Inclusion in Corundum may be solid, liquid or gaseous. RWH has made a usefullist of the major inclusions in corundum, reproduced, with some alterations, below. Further details will be found in the discussions of particular localities.
1. Straight angular growth lines following various crystal faces, often in a hexagonal pattern and often featuring associated minute exsolved needles or particles following these growth lines. The lines vary in thickness and spacing, and are never curved (if examined parallel to the face along which they grew), and always lie inside the stone. They are associated with crystal faces, not with polished facets. Sharp lines are seen best with dark-field illumination, or better, immersion with light-field shadowing illumination. Broad bands or ill-defined patches are best seen with immersion and diffused light-field illumination. In rubies, the colour often occurs in treacle-like swirls when looking in directions other than along the crystal faces.
2. Exsolved rutile needles and or hematite plates (silk) forming parallel to the hexagonal prism (three directions, intersecting at 60/120° in the basal plane) often forming dense clouds. The rutile occurs as intergrown twins with re-entrant angles at the broad end while hematite tends to form plates. Sizes vary greatly, some being much longer than
others, some appearing as mere dots, some broad, some narrow. Overhead fibre-optic illumination is often best, looking down the c-axis. Minute exsolved particles are often best seen with the fibreoptic light guide from below or to the side of the stone.
3. Crystals of different minerals of various types, including spinel, apatite, zircon, calcite, dolomite, uranpyrochlore [this name valid in Dana 8 though not in Glossary of Mineral Species 2004], mica group minerals plagioclase, pyrrhotite and other species, best viewed in dark-field illumination or via fibre-optic lighting.
4. Secondary liquid inclusions in patterns of infinite variety and thickness; often referred to as fingerprints or feathers. They are created when fractures are healed by post-formation geological activity. Their patterns may often be wispy or veil-like, and so are easily confused with flux inclusions in synthetic corundum. Their surfaces should be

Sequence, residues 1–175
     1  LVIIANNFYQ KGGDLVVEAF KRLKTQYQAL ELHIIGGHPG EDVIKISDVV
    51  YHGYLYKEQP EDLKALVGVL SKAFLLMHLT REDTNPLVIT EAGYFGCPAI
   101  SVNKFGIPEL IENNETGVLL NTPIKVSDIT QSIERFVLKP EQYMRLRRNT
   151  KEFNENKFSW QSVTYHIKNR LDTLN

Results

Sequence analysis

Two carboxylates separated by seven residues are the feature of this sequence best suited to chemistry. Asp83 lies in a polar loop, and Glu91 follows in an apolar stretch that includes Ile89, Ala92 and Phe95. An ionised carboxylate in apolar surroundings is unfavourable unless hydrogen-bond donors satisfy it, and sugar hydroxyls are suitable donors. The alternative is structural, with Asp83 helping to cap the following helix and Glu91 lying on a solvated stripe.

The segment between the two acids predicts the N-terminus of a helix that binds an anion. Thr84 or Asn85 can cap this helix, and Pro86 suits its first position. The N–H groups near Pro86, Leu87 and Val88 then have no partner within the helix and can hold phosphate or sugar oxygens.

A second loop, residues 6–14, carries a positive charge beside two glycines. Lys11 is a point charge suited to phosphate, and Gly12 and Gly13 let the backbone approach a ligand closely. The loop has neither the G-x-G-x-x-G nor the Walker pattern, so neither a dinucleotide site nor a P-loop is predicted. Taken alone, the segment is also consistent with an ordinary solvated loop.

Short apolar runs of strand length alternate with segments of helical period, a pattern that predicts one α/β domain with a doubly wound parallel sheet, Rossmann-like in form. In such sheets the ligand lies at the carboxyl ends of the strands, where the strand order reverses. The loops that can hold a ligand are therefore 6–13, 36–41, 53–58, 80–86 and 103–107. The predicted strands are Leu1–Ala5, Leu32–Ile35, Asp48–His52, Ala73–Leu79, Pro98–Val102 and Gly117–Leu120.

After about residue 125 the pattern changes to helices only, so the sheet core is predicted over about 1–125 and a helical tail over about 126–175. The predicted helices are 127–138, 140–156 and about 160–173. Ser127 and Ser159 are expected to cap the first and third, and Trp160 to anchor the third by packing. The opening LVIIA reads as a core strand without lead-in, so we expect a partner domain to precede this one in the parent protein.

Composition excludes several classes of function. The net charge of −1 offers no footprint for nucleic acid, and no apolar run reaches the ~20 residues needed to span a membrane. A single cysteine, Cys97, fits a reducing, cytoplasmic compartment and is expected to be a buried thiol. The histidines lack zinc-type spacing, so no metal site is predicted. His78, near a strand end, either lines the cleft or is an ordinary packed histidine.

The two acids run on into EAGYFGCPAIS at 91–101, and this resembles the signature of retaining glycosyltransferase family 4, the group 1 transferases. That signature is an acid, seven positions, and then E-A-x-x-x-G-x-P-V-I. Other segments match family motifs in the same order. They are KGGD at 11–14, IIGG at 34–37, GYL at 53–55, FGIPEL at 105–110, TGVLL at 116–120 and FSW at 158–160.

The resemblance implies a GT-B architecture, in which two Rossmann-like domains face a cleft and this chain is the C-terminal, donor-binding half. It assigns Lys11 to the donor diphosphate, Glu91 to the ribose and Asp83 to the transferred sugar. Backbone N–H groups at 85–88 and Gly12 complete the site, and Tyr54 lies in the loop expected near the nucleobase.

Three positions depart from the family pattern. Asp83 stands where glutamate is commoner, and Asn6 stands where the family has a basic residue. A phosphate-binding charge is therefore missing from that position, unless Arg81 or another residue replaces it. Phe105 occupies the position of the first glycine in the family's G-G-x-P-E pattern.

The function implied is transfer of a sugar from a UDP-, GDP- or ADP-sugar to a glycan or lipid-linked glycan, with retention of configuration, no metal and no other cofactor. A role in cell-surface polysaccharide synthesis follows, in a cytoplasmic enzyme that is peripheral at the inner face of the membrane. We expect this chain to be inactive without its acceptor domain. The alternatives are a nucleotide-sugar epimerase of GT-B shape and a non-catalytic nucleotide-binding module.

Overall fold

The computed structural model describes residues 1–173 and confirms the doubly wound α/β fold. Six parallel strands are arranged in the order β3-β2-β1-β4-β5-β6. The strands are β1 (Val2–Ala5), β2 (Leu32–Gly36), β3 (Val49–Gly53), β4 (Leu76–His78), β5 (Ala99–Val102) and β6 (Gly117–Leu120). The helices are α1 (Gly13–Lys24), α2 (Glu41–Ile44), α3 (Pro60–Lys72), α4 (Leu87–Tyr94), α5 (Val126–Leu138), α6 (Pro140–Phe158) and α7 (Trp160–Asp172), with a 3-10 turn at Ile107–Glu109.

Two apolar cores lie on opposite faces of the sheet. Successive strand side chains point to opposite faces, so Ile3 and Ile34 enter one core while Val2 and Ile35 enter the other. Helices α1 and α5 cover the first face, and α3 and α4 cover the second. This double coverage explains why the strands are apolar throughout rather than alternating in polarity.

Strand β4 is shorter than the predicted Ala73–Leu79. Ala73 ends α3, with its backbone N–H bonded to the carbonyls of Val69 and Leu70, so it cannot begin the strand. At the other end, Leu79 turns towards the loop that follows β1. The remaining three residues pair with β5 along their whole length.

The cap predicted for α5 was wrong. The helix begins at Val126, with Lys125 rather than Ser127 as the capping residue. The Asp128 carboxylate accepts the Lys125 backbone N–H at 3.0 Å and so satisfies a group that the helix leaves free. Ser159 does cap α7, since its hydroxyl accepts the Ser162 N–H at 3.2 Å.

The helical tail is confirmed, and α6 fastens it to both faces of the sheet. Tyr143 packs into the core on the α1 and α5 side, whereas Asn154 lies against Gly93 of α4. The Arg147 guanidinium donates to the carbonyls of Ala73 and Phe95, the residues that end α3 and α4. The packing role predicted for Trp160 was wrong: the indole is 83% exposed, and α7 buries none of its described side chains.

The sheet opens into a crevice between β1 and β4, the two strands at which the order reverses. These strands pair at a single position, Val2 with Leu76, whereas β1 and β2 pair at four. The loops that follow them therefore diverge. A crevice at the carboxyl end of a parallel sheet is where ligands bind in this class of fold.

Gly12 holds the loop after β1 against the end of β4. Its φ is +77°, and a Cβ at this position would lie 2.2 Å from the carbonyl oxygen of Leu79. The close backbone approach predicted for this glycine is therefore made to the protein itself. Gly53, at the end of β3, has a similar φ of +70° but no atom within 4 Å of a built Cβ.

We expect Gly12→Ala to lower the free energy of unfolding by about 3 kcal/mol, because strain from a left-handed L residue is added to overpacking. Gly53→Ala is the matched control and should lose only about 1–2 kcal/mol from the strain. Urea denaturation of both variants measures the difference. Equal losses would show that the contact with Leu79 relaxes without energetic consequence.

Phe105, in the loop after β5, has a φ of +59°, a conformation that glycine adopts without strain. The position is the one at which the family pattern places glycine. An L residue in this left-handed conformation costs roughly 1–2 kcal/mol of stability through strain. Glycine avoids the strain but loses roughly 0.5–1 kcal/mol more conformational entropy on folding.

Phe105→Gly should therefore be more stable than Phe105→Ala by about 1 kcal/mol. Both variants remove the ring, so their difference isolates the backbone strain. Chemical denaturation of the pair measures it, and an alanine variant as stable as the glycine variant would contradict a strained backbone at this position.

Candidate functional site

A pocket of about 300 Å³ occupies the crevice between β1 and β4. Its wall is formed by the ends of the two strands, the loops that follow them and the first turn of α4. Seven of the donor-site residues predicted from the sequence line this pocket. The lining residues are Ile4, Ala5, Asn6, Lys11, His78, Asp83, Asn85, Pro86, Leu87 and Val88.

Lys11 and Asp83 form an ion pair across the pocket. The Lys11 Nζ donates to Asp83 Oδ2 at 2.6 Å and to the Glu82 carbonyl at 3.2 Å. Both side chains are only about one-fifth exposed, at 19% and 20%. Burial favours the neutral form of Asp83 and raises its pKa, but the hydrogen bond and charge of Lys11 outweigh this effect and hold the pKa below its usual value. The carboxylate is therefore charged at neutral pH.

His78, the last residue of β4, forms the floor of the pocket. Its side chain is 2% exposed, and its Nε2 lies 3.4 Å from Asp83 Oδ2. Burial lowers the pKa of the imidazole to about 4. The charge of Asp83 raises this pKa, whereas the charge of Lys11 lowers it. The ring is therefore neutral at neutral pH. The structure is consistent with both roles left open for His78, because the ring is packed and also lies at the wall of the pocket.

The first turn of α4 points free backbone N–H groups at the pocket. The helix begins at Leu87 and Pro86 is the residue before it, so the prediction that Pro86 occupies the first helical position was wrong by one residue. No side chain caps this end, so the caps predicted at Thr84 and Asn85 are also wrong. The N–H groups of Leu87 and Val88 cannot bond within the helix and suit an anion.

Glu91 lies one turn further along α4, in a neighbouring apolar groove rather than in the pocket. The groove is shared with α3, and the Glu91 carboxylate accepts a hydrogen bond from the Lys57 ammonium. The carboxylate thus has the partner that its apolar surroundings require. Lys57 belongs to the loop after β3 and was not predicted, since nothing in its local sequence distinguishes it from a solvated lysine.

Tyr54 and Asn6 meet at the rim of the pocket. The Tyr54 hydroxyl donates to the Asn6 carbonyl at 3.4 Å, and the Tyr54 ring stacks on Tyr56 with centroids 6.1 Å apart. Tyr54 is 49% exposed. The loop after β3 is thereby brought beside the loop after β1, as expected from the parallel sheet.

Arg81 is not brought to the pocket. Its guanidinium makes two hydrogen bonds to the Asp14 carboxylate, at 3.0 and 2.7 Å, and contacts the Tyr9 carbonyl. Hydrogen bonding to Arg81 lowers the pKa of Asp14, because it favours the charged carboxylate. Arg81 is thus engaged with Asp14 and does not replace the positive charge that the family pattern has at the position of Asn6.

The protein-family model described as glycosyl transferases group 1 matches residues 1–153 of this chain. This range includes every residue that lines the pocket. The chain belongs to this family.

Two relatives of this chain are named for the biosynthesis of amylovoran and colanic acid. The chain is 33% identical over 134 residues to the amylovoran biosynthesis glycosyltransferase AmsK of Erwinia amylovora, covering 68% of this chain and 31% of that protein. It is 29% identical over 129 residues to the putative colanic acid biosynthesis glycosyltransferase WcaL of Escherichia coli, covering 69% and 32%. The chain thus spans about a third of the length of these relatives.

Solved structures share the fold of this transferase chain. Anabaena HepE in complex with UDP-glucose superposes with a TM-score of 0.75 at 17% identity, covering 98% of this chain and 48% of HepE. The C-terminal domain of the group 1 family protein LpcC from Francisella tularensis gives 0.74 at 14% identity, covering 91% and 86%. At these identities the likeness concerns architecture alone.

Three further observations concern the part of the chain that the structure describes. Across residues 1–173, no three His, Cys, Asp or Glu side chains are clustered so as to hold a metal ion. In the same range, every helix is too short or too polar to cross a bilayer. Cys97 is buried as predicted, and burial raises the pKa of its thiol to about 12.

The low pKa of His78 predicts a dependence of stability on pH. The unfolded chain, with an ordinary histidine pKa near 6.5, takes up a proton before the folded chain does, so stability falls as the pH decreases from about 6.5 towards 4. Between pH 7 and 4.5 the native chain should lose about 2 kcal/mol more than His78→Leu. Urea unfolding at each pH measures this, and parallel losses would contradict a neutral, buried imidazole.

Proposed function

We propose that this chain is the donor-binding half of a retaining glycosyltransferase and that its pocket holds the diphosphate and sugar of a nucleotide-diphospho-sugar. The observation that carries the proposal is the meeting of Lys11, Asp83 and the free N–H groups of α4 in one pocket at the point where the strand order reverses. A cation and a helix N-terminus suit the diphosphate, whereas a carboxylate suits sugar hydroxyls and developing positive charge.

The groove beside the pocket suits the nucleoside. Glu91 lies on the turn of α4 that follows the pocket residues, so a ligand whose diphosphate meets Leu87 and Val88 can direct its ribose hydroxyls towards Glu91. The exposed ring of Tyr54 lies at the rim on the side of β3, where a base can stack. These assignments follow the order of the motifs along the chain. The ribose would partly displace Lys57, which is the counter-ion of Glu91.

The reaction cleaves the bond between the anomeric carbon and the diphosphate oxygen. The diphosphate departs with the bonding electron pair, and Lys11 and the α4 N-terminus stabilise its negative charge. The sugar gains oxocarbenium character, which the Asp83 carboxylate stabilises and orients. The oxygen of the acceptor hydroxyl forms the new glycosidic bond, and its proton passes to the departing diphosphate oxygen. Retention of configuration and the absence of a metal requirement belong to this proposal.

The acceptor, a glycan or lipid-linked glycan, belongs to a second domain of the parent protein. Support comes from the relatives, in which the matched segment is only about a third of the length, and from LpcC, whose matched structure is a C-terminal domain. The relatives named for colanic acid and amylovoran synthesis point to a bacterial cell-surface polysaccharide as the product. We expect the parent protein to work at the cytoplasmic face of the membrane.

examined under high magnification with fibre-optic lighting to see if liquid (natural) or flux (synthetic) fills the small channels. As natural stones healed over a much longer period of time, their healing patterns are often far more detailed. The higher viscosity of a flux also produces a coarser and less detailed healing in flux-growns ynthetics.
5. Polysynthetic twinning along the rhombohedron (in three directions, but only two in any one plane) meeting at 86.1 and 93.9. These lie about 30–60 off the c-axis. Growth twins may also be seen along other faces. Immersion and examination between crossed polars will separate true twinning from sharp colour zoning. True twinning planes will show interference fringes and appear light against a dark background.
6. Long white exsolved boehmite needles which form at the junctions of intersecting rhombohedral twinning planes. Thus their directions and angles are the same as that described in 5. Rhombohedral twinning with the boehmite needles has yet to be seen in the flux-grown synthetic corundum and so is extremely important for identification.
8. Wavy parallel cracks (‘fire marks’) near the facet junctions due to overly rapid polishing. These are more commonly seen on synthetic stones, as less care is taken in the polishing process, but may sometimes be seen in natural corundum, too.